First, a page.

one major point of frustration for me these past 10 months has been the severe lack of resources out there for "post-reunion" adoptees. these are those (few) individuals who have been given the opportunity to meet with their birth families. this shortage of information is certainly understandable as reunions are a bit of a rare phenomena (i've heard the statistic that only 2% of adoptees have this opportunity, though i personally feel that this number might be a bit understated), but the fact remains: we do exist! so why is there no information out there? the little information that i have come across could barely be considered POST-reunion because the story always ends with the picture of the happy, smiling faces of the family AT the reunion. so the question is: what comes after that?

though some might beg to differ, i definitely feel like there is this common misconception in the adoptee community that post-reunion adoptees are the "lucky ones." please don't misunderstand me: i feel incredibly blessed to have been given the opportunity to experience all that i have in the past 10 months! however, i think many people forget that it doesn't all end with the reunion pictures. there is a whole life to be lived after that. and it's not all smiles. and honestly, i've had more than one occasion when i've thought to myself, "if i'm supposed to be one of the lucky ones, how come i'm not feeling very lucky?"

there is so much i wish i'd been told before i met my birth family in that tiny Holt conference room last year. for starters, "once you make the decision to meet, you can never take it back. this will affect every part of the rest of your life." or "boundaries are healthy. don't be afraid to draw them early." or "the language barrier is debilitating. it will be extremely frustrating and more than difficult for your family to communicate the things you so desperately want to communicate." if only i'd known then what i know now...

so, in a bit of a turn from what has become this blog's "norm," i'm going to begin sharing bits from the other side of the reunion. of course i am happy with the place my life is currently at. of course i wouldn't change my decision to meet my birth family. and of course i will still be sharing stories about the joy that has come from that reunion. but i want to be honest with you and show you that reunion isn't the perfect cure-all that it has, at times, been made out to be. i think my readers deserve that.

while i don't have a PhD and i'm certainly no scholar on this topic, i think i do have some valuable life experiences to contribute to the adoption discourse.

so i hope that this will be helpful to you...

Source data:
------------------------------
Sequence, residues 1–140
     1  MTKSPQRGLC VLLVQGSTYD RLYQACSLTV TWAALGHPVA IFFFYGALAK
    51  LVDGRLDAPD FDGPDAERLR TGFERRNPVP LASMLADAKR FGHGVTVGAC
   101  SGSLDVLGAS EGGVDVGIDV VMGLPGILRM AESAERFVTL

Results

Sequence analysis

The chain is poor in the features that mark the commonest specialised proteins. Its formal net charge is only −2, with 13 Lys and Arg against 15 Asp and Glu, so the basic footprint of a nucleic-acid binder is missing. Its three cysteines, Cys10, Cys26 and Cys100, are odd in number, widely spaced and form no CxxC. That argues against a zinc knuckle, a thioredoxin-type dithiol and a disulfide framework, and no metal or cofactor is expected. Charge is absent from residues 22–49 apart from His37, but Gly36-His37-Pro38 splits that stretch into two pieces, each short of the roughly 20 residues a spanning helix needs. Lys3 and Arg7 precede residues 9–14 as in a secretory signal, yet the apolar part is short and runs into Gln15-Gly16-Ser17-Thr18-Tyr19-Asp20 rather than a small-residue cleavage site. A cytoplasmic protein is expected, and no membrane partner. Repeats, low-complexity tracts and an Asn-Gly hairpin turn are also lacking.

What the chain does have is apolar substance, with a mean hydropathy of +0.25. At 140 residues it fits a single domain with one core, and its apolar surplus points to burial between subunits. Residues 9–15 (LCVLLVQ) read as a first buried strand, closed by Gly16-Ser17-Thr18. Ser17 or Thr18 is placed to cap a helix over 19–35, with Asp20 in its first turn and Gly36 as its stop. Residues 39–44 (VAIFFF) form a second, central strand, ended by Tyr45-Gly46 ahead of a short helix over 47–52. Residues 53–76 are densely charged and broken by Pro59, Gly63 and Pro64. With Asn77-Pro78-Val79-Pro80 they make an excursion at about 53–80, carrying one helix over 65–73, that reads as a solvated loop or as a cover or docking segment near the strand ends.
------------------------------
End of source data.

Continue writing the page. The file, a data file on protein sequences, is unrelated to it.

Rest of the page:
// to my fellow post-reunion adoptees: you are strong, courageous, and commendable. i hope you can feel comfortable sharing your experiences and adding to the discussions.
// to those adoptees who are searching: i hope that this will give you some "food for thought" and help you prepare mentally and emotionally for what may be in your future.
// to parents of adoptees: i hope that this will help you understand what a rollercoaster this experience could be for your child. strap yourselves in and get ready for a crazy ride.
// to the adoption community as a whole: i hope that this will be an honest look into the side of the story that has been largely untold. please don't be angry at me for that.

// to all of my readers: thank you for your ever-present love, support, and genuine interest. i hope that you, too, will each feel comfortable adding to the dialogue. our unique views & opinions make this whole experience what it is. when it comes to navigating these waters, i think it's true what they say: there's no such thing as a stupid question.

Monday, August 15, 2011

hey y'all! (i live in TN now, remember?)

long time, no see. have you been well? i hope that you're surviving this scorching summer. the nashville heat has been absolutely relentless the past couple of months and left me wondering - "what in the world was i thinking moving back here?" you know it's been a rough summer when you're relieved to see temperatures back down to double digits.

i just wanted to touch base with my readers (if i still have any of those?) to let you know what the past couple of months have looked like for me. besides the "growing pains" i've experienced moving, starting a new job, and establishing myself as a young professional, i've definitely felt the effects of culture shock/re-entry to "normal" american life much longer and much more acutely than i'd ever care to admit. it's been a tough journey, but i can feel things getting better and for that, i am thankful.

one resource i've found recently that has been of great help to me is a wonderful organization called KAAN, or the Korean American Adoptee Adoptive Family Network. i happened upon them, believe it or not, through a facebook friend just a few weeks ago -- and only 2 days before their annual conference. i took a last-minute leap of faith and drove all night after work to atlanta to participate in the weekend's offerings. i had no idea what to expect going into it, but i was pleasantly surprised. one thing that many participants expressed, which i can completely relate to, was a sense of "whoa. for the first time in my life, everyone here is just like me." i'm really encouraged by the sense of community i've found as i've dipped my toes into the "korean adoptee world" and i've been pleasantly surprised by how welcoming everyone has been. if you're interested in more information about KAAN, their website can be found here: they also have an active facebook page.

as a heads up, i'd also like to introduce you to a great blog called my second mama that can be found here: the blogger, jane ballback and i have been in contact on and off for the past several months, and i'm excited about a project that is currently in the works. i can't tell you too much now, but hope to have more information to share within the next few months. jane is a wonderful lady with a big heart for the adoption story, and i'm anxious to see what the future will bring for her. for now, just get yourself acquainted with her & her story, because this will not be the last you hear of her here.

i'll wrap this up by saying that, while this blog started as a way to document my "year in korea," i'm foreseeing an evolution that will follow my personal growth & development. while i am definitely no scholar on the topic of adoption, i have seen & felt its effects very strongly (maybe for the first time) on my life this past year and that has given me a lot of experiences to share. i have no idea what exactly this will turn into, but i am willing and anxious to be a part of the adoption discourse and see where this will take me & you & this blog.

i hope that you will be willing to take this journey with me. i think that there will be a lot for all of us to learn.